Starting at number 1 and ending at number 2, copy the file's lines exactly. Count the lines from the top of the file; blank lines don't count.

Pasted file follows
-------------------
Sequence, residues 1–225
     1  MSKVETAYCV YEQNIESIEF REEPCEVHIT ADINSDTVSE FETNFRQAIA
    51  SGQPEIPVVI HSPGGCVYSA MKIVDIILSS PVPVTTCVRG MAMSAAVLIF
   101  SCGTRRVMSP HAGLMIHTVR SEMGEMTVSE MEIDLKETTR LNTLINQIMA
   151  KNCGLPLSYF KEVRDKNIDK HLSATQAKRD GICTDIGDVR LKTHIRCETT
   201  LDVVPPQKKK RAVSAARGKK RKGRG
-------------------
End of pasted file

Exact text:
Sequence, residues 1–225
     1  MSKVETAYCV YEQNIESIEF REEPCEVHIT ADINSDTVSE FETNFRQAIA